City Council then put forth its own ordinance approving the move, which went forward without a hitch.

Status: Signed into law.

There’s a new rideshare player in town 

A German company wants to bring a new form of car sharing to Philadelphia, which would allow customers to drop the vehicles wherever they want instead of in specially designated spots. Council passed a bill to allow the “flexible car sharing companies” to pay the parking authority per vehicle on the street in exchange for parking in public spaces.

Status: On the mayor’s desk.

State keeps stranglehold on PPA

Rogue Republcan Councilman David Oh has for years beefed with the Philadelphia Parking Authority, a Republican-controlled patronage den. It hasn’t made him popular with the party diehards — and it hasn’t done him much good legislatively either.

His bill to give locals more control over the agency got yanked, again, after Streets Committee chairman Mark Squilla got a call from the city’s lawyers saying that it would get Philadelphia sued.

Status: Effectively Dead.

Quasi-traffic cops to the rescue?

Last year, Council President Darrell Clarke introduced a resolution to create a class of unarmed public safety officers to help regulate traffic congestion and quality-of-life street violations. This session the proposal moved through City Council and was posed as a ballot question. It won the approval of 69 percent of voters.

The police should be on the streets by this time next year.

Status: Enacted.

Philadelphia rowhomes (WHYY file)

Non-zoning housing bills

Reforming the 10 year property tax abatement 

At the beginning of the session, Helen Gym introduced two bills to reform the city’s hotly contested 10 year tax abatement. Like her previous two attempts, these proposals have not yet received a hearing.

Allan Domb’s abatement reform also did not receive a hearing. There’s a pattern here.

Status: In committee. 

Lead safety bill gets punted by its sponsor

Blondell Reynolds Brown, one of the Council’s longest serving members, announced she wouldn’t run for re-election. For much of her second-to-last session, she focused on advancing an ambitious lead safety bill which would require lead inspections of pre-1978 rental homes.

But at the last minute, to the shock of advocates, she said more discussion with industry stakeholders was needed and pulled her bill from the final passage calendar.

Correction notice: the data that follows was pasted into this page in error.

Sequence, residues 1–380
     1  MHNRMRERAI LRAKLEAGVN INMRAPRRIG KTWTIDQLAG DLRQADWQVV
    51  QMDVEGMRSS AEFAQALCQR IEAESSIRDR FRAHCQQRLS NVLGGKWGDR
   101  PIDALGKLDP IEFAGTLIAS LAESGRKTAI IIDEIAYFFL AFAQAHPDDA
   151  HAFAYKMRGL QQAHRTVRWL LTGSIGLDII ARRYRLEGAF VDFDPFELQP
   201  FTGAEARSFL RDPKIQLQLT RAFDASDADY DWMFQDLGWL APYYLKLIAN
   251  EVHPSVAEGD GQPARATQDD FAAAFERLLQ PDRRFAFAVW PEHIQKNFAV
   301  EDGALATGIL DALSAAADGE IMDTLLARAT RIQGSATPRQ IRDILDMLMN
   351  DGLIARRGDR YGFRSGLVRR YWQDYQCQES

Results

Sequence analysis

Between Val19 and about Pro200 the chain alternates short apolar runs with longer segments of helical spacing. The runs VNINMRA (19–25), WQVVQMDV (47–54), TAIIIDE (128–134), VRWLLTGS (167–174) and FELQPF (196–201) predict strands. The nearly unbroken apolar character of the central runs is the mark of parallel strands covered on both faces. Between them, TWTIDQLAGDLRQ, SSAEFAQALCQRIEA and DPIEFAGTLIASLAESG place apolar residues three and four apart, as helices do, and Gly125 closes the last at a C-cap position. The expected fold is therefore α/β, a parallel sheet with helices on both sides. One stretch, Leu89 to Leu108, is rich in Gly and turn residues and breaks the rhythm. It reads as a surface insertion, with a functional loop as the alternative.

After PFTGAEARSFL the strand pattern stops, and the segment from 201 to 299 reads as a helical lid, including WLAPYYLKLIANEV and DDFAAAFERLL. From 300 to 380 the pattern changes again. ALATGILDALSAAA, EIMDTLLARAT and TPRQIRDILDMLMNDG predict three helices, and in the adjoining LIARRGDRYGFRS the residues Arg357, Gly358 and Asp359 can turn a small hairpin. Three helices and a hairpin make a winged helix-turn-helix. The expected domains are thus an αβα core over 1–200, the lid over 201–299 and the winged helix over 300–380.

Status: Suspended.

The fruits of the Historic Preservation Task Force

Philadelphia’s historic preservation regulations have not kept pace with the city’s development boom, so Mayor Jim Kenney’s Historic Preservation Task Force proposed a raft of legislative fixes.

At the end of the session, Councilmember Squilla introduced the first package: Eliminating parking minimums for historic rehab projects, adding accessory dwelling units in historic buildings, making historic institutional conversions easier.  

Status: Introduced.

Right to Counsel coming to Philadelphia? 

New York City, San Francisco and Newark have all introduced legislation to provide legal assistance to low-income renters who wind up in eviction court. Councilmember Helen Gym introduced legislation to move Philadelphia in the same direction for a cost of between $4 and $5 million annually.

The bill hasn’t yet received a hearing but Gym did secure $1.5 million for eviction prevention in this year’s budget negotiations. This is the third year in a row she’s won an increase in funding.

Status: Introduction.

Making landlords pay for bed bugs

Philadelphia is one of the only cities that doesn’t outline who is responsible for taking care of bed bug outbreaks. At the beginning of the session, Mark Squilla introduced a bill to stick landlords with the bill.

Or not. The bill never even received a hearing.

Status: Effectively dead. 

Soda tax, gender neutral bathrooms, and everything else

More gender neutral bathrooms

Helen Gym introduced a pair of bills to require more gender neutral bathrooms in City Hall and to bring charter schools and other educational institutions into line with the School District’s gender fluid language policies. Critics said she was just grandstanding.

But the bills, which were introduced too late to be heard in the spring session, address a real need. There’s currently only one gender neutral bathroom in City Hall and it’s on the seldom visited 7th floor.

Status: Introduced. 

Phase out the soda tax?

Perennial soda tax opponent Quiñones-Sánchez put forward an alternative strategy this session, with the support of her Republican colleagues along with Democrats Allan Domb and Cindy Bass. (Blondell Reynolds Brown endorsed it at first, but quickly asked her name be taken off the legislation.)

The bill would phase out the tax through 2021, although it did not specify by how much, leaving open the possibility of a complete elimination. A resolution introduced with the bill, and with considerably more sponsors, called for a study of the tax’s effects on local businesses, while offering a tax of single use plastic bags as an alternative.

Not surprisingly, given the soda tax’s importance to Mayor Kenney’s agenda, the bills have not even received a hearing. But Quiñones-Sánchez’s diehard opposition to the tax didn’t go unappreciated by the beverage industry, which spent a staggering $631,000 to protect her seat in a closely fought primary.